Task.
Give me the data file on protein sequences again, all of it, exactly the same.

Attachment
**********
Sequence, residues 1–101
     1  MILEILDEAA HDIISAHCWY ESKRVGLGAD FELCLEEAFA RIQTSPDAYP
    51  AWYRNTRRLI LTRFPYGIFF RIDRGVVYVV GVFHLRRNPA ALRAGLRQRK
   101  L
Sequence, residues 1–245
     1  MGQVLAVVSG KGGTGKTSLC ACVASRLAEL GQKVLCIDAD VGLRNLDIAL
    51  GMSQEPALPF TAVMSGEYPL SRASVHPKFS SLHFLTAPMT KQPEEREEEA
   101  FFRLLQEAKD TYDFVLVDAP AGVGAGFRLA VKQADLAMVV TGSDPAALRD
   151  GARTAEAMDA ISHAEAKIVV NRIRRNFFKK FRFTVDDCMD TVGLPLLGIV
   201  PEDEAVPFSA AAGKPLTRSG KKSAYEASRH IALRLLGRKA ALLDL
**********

Sequence, residues 1–101
     1  MILEILDEAA HDIISAHCWY ESKRVGLGAD FELCLEEAFA RIQTSPDAYP
    51  AWYRNTRRLI LTRFPYGIFF RIDRGVVYVV GVFHLRRNPA ALRAGLRQRK
   101  L
Sequence, residues 1–245
     1  MGQVLAVVSG KGGTGKTSLC ACVASRLAEL GQKVLCIDAD VGLRNLDIAL
    51  GMSQEPALPF TAVMSGEYPL SRASVHPKFS SLHFLTAPMT KQPEEREEEA
   101  FFRLLQEAKD TYDFVLVDAP AGVGAGFRLA VKQADLAMVV TGSDPAALRD
   151  GARTAEAMDA ISHAEAKIVV NRIRRNFFKK FRFTVDDCMD TVGLPLLGIV
   201  PEDEAVPFSA AAGKPLTRSG KKSAYEASRH IALRLLGRKA ALLDL